Advancing Sexual and Reproductive Health and Rights
 
Perspectives on Sexual and Reproductive Health
Volume 43, Number 1, March 2011

Is Parenting Associated with Teenagers’ Early Sexual Risk-Taking, Autonomy And Relationship with Sexual Partners?

By Alison Parkes, Marion Henderson, Daniel Wight, Catherine Nixon

CONTEXT: Extensive research has explored the relationship between parenting and teenagers’ sexual risk-taking. Whether parenting is associated with wider aspects of teenagers’ capacity to form satisfying sexual relationships is unknown.

METHODS: Self-reported data were collected in 2007 from 1,854 students, whose average age was 15.5 years, in central Scotland. Multivariate analyses examined associations between parenting processes and sexual outcomes (delayed first intercourse, condom use and several measures reflecting the context or anticipated context of first sex).

RESULTS: Parental supportiveness was positively associated with all outcomes (betas, 0.1–0.4), and parental values restricting intercourse were positively associated with all outcomes except condom use (0.1–0.5). Parental monitoring was associated only with delayed intercourse (0.2) and condom use (0.2); parental rules about TV content were associated with delayed intercourse (0.7) and expecting sex in a relationship, rather than casually (0.8). Frequency of parental communication about sex and parental values endorsing contraceptive use were negatively associated with teenagers’ delayed intercourse (–0.5 and –0.3, respectively), and parents’ contraceptive values were negatively associated with teenagers’ expecting sex in a relationship (–0.5). Associations were partly mediated by teenagers’ attitudes, including value placed on having sex in a relationship.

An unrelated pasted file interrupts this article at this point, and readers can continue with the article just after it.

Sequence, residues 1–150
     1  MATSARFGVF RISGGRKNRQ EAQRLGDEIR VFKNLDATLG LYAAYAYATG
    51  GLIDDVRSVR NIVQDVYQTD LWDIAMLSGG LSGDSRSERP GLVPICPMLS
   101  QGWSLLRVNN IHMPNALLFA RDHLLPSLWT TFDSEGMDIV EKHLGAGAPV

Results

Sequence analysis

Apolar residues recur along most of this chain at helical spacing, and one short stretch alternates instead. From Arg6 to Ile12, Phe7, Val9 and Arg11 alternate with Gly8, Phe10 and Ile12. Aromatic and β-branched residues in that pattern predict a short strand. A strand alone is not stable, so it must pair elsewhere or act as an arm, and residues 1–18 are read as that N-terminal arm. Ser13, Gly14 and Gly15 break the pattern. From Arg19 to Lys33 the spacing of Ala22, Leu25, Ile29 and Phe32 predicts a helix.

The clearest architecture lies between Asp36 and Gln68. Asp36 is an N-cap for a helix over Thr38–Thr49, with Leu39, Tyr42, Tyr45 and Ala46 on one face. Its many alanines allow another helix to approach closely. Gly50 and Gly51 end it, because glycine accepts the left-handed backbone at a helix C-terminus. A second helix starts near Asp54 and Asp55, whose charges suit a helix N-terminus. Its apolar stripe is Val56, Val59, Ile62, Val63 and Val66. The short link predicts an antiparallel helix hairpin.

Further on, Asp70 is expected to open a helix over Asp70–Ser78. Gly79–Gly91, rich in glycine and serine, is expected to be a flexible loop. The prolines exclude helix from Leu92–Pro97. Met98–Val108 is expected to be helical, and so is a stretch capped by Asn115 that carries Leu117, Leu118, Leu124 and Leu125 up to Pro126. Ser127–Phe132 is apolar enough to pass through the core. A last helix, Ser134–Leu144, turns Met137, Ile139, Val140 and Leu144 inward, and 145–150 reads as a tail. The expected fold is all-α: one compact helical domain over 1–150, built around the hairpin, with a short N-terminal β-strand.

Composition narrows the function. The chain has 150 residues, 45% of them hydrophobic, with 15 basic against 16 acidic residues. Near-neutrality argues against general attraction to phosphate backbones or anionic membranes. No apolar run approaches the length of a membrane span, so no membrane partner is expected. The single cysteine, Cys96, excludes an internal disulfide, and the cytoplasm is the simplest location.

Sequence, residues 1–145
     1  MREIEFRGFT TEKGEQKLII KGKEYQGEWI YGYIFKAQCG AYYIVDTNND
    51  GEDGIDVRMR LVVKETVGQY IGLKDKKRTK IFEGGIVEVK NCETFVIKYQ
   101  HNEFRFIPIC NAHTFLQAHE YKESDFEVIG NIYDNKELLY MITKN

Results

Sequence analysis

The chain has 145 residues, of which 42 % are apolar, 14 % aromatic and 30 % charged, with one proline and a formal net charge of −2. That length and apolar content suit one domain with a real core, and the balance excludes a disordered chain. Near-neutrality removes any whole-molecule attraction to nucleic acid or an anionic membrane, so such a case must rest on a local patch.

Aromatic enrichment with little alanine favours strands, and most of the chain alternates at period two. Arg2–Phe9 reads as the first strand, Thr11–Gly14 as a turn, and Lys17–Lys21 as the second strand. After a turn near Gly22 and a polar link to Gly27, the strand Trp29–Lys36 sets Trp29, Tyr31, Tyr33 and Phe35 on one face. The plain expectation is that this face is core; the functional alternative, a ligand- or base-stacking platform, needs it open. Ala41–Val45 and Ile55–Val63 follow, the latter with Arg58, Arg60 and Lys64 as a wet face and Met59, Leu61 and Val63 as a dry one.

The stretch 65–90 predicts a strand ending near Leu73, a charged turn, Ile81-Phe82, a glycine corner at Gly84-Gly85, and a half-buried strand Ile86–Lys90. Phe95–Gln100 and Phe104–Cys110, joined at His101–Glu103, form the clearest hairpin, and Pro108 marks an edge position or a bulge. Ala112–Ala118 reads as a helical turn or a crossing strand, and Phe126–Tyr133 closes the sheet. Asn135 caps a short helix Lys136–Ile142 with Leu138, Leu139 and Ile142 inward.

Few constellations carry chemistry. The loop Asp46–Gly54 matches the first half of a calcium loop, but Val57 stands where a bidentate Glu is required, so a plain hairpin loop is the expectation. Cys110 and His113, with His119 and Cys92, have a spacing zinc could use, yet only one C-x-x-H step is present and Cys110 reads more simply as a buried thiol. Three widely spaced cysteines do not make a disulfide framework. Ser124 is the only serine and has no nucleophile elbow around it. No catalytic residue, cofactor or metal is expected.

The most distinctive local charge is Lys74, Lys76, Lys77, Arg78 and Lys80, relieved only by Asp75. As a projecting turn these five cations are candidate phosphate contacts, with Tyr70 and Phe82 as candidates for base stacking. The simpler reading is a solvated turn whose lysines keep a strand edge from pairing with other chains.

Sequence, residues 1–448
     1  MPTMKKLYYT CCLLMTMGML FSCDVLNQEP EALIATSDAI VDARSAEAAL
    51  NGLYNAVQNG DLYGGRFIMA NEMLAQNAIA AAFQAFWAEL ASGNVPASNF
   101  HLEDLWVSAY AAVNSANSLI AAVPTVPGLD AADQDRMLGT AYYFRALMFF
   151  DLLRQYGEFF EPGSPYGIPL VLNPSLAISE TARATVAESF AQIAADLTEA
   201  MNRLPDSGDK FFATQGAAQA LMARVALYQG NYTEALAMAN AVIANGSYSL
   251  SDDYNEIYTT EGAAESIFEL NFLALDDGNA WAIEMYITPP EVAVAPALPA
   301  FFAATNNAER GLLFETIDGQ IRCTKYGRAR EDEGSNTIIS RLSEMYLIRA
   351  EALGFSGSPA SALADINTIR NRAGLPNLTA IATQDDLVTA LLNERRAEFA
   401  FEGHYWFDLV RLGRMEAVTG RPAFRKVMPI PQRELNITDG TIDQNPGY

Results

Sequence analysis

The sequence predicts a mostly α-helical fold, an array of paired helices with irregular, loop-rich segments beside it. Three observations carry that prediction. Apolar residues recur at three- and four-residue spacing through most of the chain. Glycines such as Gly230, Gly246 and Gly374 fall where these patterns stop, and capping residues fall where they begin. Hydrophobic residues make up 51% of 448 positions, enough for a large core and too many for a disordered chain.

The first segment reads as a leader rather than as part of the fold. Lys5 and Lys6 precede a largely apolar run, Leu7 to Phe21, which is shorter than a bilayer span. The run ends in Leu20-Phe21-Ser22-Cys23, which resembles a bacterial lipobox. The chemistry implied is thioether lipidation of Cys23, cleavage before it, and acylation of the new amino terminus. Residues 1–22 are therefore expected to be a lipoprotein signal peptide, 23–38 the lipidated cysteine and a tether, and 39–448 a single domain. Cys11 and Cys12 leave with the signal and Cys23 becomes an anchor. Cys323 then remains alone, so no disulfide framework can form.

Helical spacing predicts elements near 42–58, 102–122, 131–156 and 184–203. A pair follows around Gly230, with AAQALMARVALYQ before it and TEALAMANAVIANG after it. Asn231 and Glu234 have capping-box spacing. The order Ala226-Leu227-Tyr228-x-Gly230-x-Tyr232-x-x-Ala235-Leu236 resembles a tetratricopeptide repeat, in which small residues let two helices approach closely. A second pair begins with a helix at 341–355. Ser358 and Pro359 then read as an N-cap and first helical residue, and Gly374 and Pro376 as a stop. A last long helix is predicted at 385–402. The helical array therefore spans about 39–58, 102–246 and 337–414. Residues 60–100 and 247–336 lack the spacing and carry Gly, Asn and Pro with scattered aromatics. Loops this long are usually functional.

CONCLUSIONS: Parents may develop teenagers’ capacity for positive and safe early sex by promoting skills and values that build autonomy and encourage sex only within a relationship. Interventions should promote supportive parenting and transmission of values, avoid mixed messages about abstinence and contraception, and acknowledge that teenagers may learn more indirectly than directly from parents about sex.

DOI:10.1363/4303011







 

AUTHOR AFFILIATIONS

Alison Parkes is investigator scientist, Marion Henderson is senior investigator scientist, Daniel Wight is program leader and Catherine Nixon is predoctoral fellow—all with the Sexual Health and Families Team, Medical Research Council Social and Public Health Sciences Unit, Glasgow, Scotland.